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January 27, 2014

House on the Hill: Tony Johnson ’13 Plays Professional Basketball in Holland

When he gets fouled these days, they’re more forceful and physical. Tony Johnson ’13 had a feeling that was coming.

Tony Johnson '13 leads SPM Shooters in minutes per game (29.1) and is sixth in the league in assists (3.8 apg).

Tony Johnson ’13 leads SPM Shooters in minutes per game (29.1) and is sixth in the league in assists (3.8 apg).

And when he and his teammates went to a Dutch farm to get accustomed to the culture in Holland, he enjoyed experimenting on a rope course and trying a zip line.

Then he was asked to milk a cow.

“Safe to say, I didn’t think the milking of a cow was necessary but I did it nonetheless. Ha!” Johnson says.

It’s one of the many things Johnson, who finished his Lafayette career sixth on the school’s all-time assists list (374) and fourth in career steals (160), has done since joining the Den Bosch SPM Shooters of the Dutch Basketball League for the 2013-14 season.

Johnson, a First-Team All-Patriot League selection as a senior, has taken in the sights in cities he never imagined he’d see, added a little European flair to his wardrobe, and has made an impact on the court.

The 6-foot, 176-pound point guard is leading the SPM Shooters in minutes played (29.1). He also is sixth in assists (3.8) in the 10-team Dutch Basketball League, which plays a 36-game regular season schedule. He’s shooting 53.4 percent (47-88) from the field and 31.7 percent (13-for-41) from three-point range.

Despite his success, Johnson admits that it’s been quite an adjustment to the game overseas.

“The professional game in Europe is much different than college basketball ‘in the states,’ as most everyone refers to it over here,” says Johnson, who graduated as an economics major. “All the players here are very smart. Ninety-nine percent of the offense is playing the pick and roll, all the players can shoot extremely well, and the overall size of players is much bigger, so they set much harder screens.”

From left are American teammates Tai Wesley (Utah State), Ali Farokhmanesh (Northern Iowa), Tony Johnson ’13, and David Gonzalvez (Richmond).

From left are American teammates Tai Wesley (Utah State), Ali Farokhmanesh (Northern Iowa), Tony Johnson ’13, and David Gonzalvez (Richmond).

Ali Farokhmanesh, a Northern Iowa grad known for having made a big three-point shot against Kansas in the NCAA tournament a few years ago, is Johnson’s roommate.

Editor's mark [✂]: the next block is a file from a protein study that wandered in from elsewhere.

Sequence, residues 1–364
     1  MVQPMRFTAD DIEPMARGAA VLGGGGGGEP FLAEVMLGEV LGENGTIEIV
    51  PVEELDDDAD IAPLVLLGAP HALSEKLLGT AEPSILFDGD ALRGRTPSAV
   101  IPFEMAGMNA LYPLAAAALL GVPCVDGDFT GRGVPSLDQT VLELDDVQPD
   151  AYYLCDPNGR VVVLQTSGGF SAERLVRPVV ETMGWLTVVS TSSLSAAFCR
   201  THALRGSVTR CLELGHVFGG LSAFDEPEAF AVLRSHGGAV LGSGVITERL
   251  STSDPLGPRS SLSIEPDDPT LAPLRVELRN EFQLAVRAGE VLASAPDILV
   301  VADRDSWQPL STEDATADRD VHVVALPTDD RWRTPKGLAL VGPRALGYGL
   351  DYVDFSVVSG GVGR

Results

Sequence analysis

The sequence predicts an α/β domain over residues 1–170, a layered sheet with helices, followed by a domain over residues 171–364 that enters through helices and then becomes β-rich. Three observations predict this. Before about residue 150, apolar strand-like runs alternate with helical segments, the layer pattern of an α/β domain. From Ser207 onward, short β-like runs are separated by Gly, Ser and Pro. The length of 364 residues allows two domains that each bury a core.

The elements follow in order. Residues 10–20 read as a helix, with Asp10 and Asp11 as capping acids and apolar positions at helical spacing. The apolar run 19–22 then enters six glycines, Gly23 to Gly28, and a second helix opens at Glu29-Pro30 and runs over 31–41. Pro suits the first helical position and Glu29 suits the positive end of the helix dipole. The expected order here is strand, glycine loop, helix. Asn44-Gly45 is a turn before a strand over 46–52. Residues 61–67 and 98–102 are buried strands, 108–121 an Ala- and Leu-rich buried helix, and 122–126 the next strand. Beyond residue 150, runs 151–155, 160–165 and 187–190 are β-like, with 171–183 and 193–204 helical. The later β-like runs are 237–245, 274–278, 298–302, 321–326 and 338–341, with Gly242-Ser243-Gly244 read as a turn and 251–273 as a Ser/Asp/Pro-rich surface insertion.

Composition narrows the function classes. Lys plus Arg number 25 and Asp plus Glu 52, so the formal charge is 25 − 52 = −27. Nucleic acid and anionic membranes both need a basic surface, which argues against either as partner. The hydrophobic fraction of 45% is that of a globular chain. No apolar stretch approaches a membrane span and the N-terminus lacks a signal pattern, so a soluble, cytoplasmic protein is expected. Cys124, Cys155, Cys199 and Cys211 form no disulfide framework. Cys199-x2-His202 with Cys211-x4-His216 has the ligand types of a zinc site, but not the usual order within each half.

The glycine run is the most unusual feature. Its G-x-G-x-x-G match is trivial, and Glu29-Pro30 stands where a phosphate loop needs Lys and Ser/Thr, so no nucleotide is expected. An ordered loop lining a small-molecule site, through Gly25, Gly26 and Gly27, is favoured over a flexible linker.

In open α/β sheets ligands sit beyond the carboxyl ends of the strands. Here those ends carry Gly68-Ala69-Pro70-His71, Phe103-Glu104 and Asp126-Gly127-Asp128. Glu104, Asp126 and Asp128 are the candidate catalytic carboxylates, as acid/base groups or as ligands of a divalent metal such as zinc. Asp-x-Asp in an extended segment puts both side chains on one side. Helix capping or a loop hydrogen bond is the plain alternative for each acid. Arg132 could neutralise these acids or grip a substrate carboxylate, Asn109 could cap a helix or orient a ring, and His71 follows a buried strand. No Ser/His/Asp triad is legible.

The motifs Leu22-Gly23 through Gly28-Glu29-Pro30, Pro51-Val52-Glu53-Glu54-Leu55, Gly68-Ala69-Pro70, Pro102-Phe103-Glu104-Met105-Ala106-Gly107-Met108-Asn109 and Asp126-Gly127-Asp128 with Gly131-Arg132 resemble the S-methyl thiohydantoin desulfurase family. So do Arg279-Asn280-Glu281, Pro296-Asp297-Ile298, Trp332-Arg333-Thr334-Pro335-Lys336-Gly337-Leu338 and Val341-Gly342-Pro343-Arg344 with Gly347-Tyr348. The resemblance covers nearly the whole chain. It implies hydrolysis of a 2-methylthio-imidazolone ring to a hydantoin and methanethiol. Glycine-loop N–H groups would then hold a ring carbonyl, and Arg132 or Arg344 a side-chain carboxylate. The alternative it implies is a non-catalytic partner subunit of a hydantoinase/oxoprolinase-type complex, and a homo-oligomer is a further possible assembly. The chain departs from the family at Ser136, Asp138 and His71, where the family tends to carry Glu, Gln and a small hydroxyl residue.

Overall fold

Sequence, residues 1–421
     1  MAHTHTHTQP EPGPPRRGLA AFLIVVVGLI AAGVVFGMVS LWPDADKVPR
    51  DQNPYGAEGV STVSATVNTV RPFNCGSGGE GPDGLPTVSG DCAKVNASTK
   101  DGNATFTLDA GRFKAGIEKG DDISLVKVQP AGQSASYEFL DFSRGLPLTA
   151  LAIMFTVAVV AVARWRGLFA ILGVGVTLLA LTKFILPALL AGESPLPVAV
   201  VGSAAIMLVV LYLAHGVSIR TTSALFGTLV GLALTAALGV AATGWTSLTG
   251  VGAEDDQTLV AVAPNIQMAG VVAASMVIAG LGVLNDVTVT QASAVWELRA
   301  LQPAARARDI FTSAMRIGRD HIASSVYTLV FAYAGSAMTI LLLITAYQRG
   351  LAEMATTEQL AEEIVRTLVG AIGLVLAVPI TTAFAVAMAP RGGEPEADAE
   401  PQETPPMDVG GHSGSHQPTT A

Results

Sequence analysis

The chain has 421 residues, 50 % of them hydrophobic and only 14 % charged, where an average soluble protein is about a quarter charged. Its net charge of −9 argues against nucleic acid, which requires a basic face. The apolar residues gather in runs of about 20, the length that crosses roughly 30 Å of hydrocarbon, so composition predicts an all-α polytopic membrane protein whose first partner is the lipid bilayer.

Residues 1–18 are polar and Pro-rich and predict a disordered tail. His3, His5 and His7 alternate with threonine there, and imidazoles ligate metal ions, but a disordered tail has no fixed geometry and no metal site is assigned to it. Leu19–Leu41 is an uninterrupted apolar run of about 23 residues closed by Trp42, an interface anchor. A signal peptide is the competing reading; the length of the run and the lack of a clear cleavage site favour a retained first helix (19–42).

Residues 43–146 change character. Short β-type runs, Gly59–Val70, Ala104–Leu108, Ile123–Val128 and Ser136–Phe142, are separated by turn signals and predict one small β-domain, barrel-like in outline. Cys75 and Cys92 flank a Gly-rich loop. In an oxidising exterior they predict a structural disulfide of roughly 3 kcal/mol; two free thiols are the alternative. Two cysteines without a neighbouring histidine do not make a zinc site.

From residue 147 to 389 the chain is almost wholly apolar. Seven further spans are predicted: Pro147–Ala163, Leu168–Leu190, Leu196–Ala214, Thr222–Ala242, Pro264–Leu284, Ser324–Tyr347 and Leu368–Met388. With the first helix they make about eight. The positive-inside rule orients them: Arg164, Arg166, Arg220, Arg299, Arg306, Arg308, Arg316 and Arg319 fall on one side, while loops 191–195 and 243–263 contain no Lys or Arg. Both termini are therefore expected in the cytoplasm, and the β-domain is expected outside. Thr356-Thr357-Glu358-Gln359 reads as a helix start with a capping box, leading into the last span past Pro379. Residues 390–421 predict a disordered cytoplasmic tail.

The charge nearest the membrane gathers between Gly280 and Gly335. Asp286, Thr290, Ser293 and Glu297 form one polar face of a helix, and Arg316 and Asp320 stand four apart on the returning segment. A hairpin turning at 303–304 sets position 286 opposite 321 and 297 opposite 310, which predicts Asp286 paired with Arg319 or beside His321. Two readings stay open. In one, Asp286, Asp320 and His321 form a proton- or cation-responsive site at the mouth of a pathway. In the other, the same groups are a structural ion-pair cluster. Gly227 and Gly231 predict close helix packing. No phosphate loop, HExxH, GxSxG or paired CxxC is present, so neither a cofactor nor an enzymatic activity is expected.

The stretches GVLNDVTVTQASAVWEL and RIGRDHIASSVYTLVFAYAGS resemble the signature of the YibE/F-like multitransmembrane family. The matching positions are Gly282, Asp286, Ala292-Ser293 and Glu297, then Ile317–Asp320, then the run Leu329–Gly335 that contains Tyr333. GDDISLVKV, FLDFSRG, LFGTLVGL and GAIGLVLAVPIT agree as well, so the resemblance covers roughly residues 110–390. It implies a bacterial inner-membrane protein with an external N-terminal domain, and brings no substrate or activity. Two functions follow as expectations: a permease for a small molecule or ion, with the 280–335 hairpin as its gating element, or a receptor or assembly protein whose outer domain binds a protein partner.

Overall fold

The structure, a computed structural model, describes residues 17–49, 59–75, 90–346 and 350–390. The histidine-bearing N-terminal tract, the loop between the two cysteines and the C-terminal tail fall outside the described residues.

“I have been very blessed to be in such a great situation, especially right out of college,” Johnson says. “I am lucky to have a great coach and even luckier to have the teammates that I do. My Dutch and American teammates all get along very well, but the Americans have become some of my best friends. We get together almost every night for dinner, cards or both. It’s basically like a big family considering the amount of time we spend together on and off the court.”

Johnson, from Folsom, Calif., will get to see his family when it makes the trip to Holland in March, and it’s a visit he admits he can’t wait for. He won’t get home, however, until May. He did get to College Hill during the winter break and even got to see a game at Kirby Sports Center.

The SPM Shooters (15-6), formerly known as Den Bosch Eiffel Towers, sits in second place, 2 1/2 games behind Groningen, in the Dutch Basketball League. His team has won 15 league championships since 1972, and won the regular-season title last year before falling in the semifinals of the league playoffs.

As for Johnson’s playing days, he has no timetable set for how long he’s going to play professionally.

“I’ve had a great time so far and want to make the very best out of it, but going into it, I told myself that I want to play as long as I’m enjoying myself, not because I don’t have any other options,” Johnson says. “I was lucky enough to go to a great school like Lafayette to set me up for life after basketball, but I realize that basketball is something I can’t do as a profession forever so I’m going to always do what feels right.”

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1 Comment

  1. Tony was a rock-solid student in my Economics of Sports class, and I am happy to see him play in the country of my ancestors.

    says Thomas Bruggink
    January 29, 2014 at 9:57 am
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